Pre-Feasibility Study for Coupling Electronic Waste Recycling With Desert Greening in Africa

Ryunosuke Kikuchi, Takaiku Yamamoto, Masashi Nakamoto


Africa suffers from the following serious problems: (i) the distribution of desertification vulnerability suggests that every country is prone to environmental desertification, and desertification processes currently affect about 46% of the total land area; (ii) the Basel Convention is an international agreement that regulates cross-border shipments of toxic waste, but this tight regulation for prohibiting export of end-of-life electronic devices (so-called e-waste) to the third world has resulted in an increase in illegal transport to Africa. The present research is intended to conduct a technical pre-feasibility study in order to tackle the above-mentioned problems. About 80% of e-waste comes from television sets and computers, and cathode ray tubes (CRTs) correspond to about 2/3 of the total weight ? the neck and funnel parts of CRTs contain toxic materials. The manufacture of foam glasses is considered as safe CRT treatment. The control of soil water is significant to cultivate plants the desert, and the waste-based foam particles can improve water retention in arid soils; i.e. a key proposal is the production of soil amendment from CRT glass. The water-use efficiencies of this amendment’s layer are higher than those of the control. Furthermore, leaching fractions of heavy metals from the produced foam glass amendment are lower than the statutory limits.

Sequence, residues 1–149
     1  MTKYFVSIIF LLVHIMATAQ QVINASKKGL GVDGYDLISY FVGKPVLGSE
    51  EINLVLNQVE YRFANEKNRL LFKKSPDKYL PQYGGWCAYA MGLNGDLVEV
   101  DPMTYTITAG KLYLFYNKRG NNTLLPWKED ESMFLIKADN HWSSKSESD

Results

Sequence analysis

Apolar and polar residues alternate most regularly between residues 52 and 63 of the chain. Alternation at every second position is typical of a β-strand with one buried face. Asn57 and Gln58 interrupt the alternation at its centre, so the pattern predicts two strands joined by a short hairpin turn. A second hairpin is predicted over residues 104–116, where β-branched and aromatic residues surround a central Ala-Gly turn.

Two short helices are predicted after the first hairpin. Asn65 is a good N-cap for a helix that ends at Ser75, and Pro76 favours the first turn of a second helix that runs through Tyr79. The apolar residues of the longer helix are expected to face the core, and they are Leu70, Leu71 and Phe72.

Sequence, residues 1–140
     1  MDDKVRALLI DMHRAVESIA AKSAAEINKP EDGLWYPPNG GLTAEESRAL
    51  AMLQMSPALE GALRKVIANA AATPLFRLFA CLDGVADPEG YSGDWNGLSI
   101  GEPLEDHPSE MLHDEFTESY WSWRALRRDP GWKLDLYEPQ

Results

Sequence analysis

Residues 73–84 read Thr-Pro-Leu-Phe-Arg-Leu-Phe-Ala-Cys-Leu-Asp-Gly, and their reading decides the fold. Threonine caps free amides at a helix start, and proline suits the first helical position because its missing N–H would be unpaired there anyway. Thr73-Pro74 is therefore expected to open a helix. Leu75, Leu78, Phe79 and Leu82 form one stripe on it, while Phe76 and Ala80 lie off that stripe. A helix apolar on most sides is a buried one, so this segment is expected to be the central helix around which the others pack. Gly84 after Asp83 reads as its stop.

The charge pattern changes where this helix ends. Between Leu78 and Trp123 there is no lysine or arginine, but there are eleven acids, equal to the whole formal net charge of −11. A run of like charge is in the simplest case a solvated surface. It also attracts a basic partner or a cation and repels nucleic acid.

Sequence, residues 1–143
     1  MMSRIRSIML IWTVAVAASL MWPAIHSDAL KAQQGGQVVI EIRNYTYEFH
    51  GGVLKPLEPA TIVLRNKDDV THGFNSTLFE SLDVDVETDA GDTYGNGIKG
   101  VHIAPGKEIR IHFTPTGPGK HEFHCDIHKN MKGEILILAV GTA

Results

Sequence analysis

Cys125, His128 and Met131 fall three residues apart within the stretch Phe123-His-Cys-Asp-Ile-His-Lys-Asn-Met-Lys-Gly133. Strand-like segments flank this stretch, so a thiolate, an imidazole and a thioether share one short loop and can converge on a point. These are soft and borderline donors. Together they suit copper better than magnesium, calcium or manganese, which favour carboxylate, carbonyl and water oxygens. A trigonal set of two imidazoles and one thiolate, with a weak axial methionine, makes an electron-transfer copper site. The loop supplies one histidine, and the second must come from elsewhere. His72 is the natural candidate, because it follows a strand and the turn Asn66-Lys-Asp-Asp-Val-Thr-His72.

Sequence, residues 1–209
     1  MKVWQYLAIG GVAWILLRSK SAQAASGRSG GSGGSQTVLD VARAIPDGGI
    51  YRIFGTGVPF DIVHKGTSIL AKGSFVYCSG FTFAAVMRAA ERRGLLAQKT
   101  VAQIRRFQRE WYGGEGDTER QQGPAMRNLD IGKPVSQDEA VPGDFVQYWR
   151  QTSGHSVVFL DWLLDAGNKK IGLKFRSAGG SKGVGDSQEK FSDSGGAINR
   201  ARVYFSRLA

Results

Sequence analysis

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Journal of Sustainable Development   ISSN 1913-9063 (Print)   ISSN 1913-9071 (Online) Email:

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